The study found that a large proportion of the health services accessed by study participants had been provided by the private sector. In a context of MDR malaria, this information is alarming. It has been widely documented that private healthcare in Cambodia is a significant driver of parasite resistance, and negatively impacts individual patients’ prognoses, because the private sector does not adhere to national treatment guidelines and often provides substandard or counterfeit drugs [28,29,30]. Approximately 10% of participants who had been recently treated for malaria did not have a confirmed diagnosis from a positive diagnostic test, which is also concerning Nevertheless, the 2010 Containment Survey found both of these issues were present among the general population as well, with very similar rates [31].

One of the most significant findings of this study was the use of anti-malarials in contravention of the National Treatment Guidelines. There was a substantial presence of chloroquine (13.9% in Pailin and 16.0% in Veal Veang) and other anti-malarial regimens with documented resistance. DHA–PPQ, the first-line treatment according to national guidelines at the time, was only used in 30% of cases in Pailin and 20% of cases in Veal Veang.

The first-line treatment rates are surprising, particularly in Pailin, where DHA–PPQ became the first-line treatment more than 2 years before it did so in the rest of the country. However, once again the data is consistent with that of the general population; the 2010 Containment Survey found that artesunate–mefloquine was given to 79.7% of participants who had reported that they had a malaria-type of fever [31]. Consistently unreliable supply chains have been identified as a significant barrier to malaria treatment in Cambodia [26], but more research is needed in order to understand all the factors that led to such poor implementation here. This is particularly crucial now that Cambodia has once again changed its first-line treatment. A failure to expediently discontinue use of DHA–PPQ now that there is documented clinical failure will facilitate the spread of drug resistant parasites, and could have a tragic impact on global malaria morbidity and mortality rates [32, 33].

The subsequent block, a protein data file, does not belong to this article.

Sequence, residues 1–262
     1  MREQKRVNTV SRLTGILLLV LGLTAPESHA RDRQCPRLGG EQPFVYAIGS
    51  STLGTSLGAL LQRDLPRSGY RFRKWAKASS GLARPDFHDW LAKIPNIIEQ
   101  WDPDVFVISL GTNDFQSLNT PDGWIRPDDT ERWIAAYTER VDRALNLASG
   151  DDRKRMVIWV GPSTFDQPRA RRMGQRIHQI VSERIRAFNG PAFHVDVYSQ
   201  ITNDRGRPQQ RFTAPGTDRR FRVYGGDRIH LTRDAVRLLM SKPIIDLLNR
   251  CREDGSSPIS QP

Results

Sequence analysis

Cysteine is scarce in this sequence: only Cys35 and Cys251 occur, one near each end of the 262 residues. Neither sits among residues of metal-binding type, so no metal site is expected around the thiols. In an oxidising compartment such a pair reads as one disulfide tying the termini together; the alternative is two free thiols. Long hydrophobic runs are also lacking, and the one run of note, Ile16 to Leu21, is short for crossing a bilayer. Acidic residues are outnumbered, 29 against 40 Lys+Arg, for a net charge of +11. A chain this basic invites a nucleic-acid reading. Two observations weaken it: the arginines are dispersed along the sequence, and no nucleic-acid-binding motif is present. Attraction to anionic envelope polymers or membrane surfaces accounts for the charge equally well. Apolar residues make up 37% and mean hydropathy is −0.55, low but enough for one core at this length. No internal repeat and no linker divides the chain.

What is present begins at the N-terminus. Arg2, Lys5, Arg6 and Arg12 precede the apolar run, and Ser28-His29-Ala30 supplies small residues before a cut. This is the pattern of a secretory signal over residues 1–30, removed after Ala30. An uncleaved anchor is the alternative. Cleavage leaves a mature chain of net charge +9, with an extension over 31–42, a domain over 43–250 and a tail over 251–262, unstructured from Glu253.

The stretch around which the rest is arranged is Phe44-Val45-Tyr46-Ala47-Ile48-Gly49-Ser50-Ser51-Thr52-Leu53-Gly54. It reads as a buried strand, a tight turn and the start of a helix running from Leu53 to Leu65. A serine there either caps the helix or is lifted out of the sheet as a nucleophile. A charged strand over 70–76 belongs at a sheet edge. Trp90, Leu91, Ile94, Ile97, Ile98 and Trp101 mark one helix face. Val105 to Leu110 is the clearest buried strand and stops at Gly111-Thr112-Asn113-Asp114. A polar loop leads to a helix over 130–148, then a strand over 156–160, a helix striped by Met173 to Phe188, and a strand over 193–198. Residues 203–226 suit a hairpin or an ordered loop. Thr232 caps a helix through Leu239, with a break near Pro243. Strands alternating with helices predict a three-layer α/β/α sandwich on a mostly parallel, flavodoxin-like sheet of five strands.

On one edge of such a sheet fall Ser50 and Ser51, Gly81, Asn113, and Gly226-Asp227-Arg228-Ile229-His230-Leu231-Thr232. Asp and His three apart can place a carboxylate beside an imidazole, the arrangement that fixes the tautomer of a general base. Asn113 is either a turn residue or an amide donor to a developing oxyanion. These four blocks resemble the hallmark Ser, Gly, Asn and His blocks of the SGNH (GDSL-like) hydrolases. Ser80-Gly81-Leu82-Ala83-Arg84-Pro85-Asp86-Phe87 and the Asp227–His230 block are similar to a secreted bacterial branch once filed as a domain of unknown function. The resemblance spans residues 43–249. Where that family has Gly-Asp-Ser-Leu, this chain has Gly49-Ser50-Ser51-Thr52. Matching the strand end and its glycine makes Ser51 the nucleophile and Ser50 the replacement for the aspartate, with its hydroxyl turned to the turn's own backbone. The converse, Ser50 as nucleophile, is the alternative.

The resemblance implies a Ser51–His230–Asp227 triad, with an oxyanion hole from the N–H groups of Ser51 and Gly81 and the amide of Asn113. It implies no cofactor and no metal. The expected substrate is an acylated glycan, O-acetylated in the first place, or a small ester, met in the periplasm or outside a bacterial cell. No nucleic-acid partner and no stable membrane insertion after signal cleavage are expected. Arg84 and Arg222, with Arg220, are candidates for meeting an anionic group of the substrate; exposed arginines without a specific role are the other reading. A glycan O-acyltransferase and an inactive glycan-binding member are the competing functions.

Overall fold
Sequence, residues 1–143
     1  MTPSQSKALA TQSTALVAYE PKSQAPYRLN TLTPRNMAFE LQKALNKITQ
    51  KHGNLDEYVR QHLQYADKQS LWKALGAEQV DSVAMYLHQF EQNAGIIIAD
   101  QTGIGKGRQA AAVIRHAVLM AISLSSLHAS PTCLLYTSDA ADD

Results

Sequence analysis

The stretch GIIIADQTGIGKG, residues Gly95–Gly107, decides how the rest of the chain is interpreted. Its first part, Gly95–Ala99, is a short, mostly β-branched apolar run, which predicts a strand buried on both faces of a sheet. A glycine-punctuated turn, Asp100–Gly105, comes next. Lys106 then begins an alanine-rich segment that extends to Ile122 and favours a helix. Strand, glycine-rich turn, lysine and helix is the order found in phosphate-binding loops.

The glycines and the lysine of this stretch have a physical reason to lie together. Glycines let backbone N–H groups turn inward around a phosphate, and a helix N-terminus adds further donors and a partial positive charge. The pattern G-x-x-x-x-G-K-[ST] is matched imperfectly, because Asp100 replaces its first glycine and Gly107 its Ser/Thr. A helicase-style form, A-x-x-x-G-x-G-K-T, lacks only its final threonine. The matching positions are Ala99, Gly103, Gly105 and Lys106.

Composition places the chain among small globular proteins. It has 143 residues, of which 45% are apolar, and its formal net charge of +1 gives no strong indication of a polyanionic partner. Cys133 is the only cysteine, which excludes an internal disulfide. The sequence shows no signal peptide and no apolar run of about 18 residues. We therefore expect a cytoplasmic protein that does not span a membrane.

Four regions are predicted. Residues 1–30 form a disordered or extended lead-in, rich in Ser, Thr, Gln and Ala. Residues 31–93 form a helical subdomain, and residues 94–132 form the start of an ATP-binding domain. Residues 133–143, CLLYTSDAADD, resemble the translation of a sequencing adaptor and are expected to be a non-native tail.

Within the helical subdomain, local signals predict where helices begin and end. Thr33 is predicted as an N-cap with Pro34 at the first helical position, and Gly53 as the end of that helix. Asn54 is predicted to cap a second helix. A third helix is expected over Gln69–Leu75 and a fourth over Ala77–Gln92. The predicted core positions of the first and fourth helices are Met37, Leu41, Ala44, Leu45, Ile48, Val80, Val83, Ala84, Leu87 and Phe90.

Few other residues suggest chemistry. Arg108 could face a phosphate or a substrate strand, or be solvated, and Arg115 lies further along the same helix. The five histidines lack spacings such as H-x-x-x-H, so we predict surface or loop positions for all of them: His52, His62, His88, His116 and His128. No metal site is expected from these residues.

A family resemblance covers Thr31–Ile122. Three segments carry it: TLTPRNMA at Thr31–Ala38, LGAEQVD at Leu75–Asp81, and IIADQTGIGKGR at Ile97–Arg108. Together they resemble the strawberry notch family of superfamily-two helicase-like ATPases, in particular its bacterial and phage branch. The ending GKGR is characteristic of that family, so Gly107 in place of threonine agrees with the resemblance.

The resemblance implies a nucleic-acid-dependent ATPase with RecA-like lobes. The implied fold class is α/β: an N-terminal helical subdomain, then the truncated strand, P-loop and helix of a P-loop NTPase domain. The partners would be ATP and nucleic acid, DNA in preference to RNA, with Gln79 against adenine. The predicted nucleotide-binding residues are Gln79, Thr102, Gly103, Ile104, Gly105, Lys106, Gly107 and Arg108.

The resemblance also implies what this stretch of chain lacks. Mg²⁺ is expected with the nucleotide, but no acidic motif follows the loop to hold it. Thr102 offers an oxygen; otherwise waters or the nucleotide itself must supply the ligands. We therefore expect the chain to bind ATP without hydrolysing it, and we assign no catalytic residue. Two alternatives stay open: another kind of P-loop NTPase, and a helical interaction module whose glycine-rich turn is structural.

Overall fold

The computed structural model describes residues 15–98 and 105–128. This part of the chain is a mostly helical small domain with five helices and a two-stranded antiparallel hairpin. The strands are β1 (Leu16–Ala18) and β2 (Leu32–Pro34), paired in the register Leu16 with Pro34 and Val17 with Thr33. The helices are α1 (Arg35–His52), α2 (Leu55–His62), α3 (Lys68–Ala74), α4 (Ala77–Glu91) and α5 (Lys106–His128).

Overall, the presence of drug resistance drivers among MMPs identified in this study are concerning, particularly because the mobility of MMPs is a major factor in the spread of drug-resistant malaria [9]. Similar findings among the general population suggest that the problem is a national one and not MMP-specific, however, interventions that can resolve these issues in the general population may not be effective among MMPs; they should be targeted with tailored interventions that take into account their heterogeneity and specific socio-geographical contexts.

Use of LLINs and ITNs

The rate of net usage in Pailin was a remarkable (91%) higher even than that of the general population (83%) according to the 2010 Containment Survey [32], and may in part be a reflection of behaviour change communication interventions that were ongoing at the time in Pailin [34]. The high use despite low ownership can be explained by the fact that migrant workers in Pailin tend to live communally, which includes sharing a bed, and consequently a bed net, among several individuals [16]. At the same time, the proportion of those who said they had slept under a borrowed net was more than double that in Veal Veang; it is likely that a lending scheme that had been recently piloted in Pailin had a positive impact on migrant workers’ access to nets [35]. A large-scale lending scheme should be made available to all MMPs with characteristics similar to those of Pailin, as a single net can go a long way by providing coverage to several individuals.

Despite a much higher rate of ownership in Veal Veang than in Pailin, net usage the night before the survey was far lower, and was 20% lower than among the general population as reported by the 2010 Containment survey [25]. More research is needed to determine the drivers of low net use in Veal Veang in particular, and forest or periodic workers in general, especially since the intensified interventions in Pailin make it difficult to compare between the two MMP groups. It is, however, interesting to note that Cambodian migrant workers in Thailand were found to have a net usage rate of 97% in a prior RDS study [23, 24]. Lessons learned from interventions in Thailand that led to this success can perhaps be applied among forest workers in Cambodia. Innovative educational and other interventions tailored to their unique context should be developed and implemented. This is of priority, as forest workers in Cambodia are at most risk of contracting malaria.

Study limitations